Most people, thankfully, don't need to hire a lawyer very many times in their lives. And even if you've gone to a lawyer for a business matter, real estate transaction, or a divorce, working with a probate lawyer is likely to be a different kind of experience. Some things are the same whenever you hire a lawyer, though: to fully understand what's going on, you will probably need to ask a lot of questions, and to keep costs down, you will have to take on some of the routine work yourself. Here are some issues to think about as you begin your relationship with a probate lawyer.
(Not sure if you should handle the process yourself? See this.)
When you're winding up an estate, there's usually a lot of legwork to be done—things like making phone calls and gathering documents. Many of these tasks don't need to be done by someone with a law degree. So if you're paying the lawyer by the hour, you'll probably want to volunteer to take on some of this work yourself. Just make sure it's clear who is responsible for what tasks, so things don't fall between the cracks. For example, make sure you know who is going to:
Keep in mind that many lawyers are more flexible than they used to be about offering what's often called "limited representation" or "unbundled services." In other words, many lawyers no longer insist on taking responsibility for all the work of a probate case. They will agree to provide limited services—for example, answering your questions during the probate process—while you take on other tasks traditionally done by the lawyer, such as drawing up the probate court papers. Especially if your court provides fill-in-the-blanks probate forms, this kind of arrangement may be good for you. Be sure to get your agreement in writing, so both you and the lawyer are clear on your responsibilities.
It's a good idea to ask the lawyer for a list of deadlines—for example, when is the cutoff for creditors to submit formal claims, and when will the final probate hearing be held? This will be helpful both if there are things you need to do, and if creditors or beneficiaries contact you with questions.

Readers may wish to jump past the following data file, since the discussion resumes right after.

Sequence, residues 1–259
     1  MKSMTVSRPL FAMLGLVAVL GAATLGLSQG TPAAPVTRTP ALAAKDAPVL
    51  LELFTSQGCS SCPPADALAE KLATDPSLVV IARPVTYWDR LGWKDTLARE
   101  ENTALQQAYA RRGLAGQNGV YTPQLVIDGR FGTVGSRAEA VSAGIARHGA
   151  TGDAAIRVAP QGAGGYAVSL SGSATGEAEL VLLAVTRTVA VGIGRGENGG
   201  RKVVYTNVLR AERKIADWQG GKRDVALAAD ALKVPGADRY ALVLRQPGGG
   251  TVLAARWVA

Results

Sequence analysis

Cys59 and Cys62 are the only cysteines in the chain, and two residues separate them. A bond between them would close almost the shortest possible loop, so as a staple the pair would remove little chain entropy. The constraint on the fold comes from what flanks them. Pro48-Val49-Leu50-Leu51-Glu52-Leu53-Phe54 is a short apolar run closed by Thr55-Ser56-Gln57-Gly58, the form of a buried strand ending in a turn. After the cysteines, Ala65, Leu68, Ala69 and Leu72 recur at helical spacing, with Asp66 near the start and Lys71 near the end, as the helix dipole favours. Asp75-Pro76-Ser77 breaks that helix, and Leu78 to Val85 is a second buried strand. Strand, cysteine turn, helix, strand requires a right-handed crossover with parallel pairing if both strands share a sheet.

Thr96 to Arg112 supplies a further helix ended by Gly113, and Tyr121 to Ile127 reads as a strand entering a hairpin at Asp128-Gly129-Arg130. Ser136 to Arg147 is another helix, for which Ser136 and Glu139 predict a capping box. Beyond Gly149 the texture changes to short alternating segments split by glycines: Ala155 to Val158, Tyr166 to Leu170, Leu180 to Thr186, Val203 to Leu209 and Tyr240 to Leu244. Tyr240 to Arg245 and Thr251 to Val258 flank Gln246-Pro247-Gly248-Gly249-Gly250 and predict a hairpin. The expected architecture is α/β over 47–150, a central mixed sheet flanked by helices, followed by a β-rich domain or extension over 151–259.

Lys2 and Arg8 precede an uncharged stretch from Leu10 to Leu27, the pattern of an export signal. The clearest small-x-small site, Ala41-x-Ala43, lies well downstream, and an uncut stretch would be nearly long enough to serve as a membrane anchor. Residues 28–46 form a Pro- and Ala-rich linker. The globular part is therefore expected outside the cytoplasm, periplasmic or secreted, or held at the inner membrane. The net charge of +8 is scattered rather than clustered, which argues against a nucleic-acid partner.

If everyone gets along, it probably makes sense for you, not the lawyer, to field questions from beneficiaries. It will save money, and you'll know what beneficiaries are concerned about. If you send regular letters or emails to beneficiaries to keep them up to date (this usually helps keep them from fretting), you might ask the lawyer to review your communications before you send them, to make sure you've got everything right.
Check in with the lawyer regular to see if anything is happening with the probate case. Usually, no news is good news. State law requires you to keep the probate case open for months, to give people time to come forward with disputes or claims—but in most probates, beneficiaries don't argue about anything in court, and few creditors submit formal claims.
By all means, ask the lawyer any questions you have about the proceeding. But if the lawyer is charging by the hour, try to be efficient when you communicate. If you can, save up a few questions and ask them during one phone call or visit to the lawyer. But if you are unsure about taking a particular action that will affect the estate—for example, you want to give one needy beneficiary his inheritance months before the probate case will close—get legal advice before you act.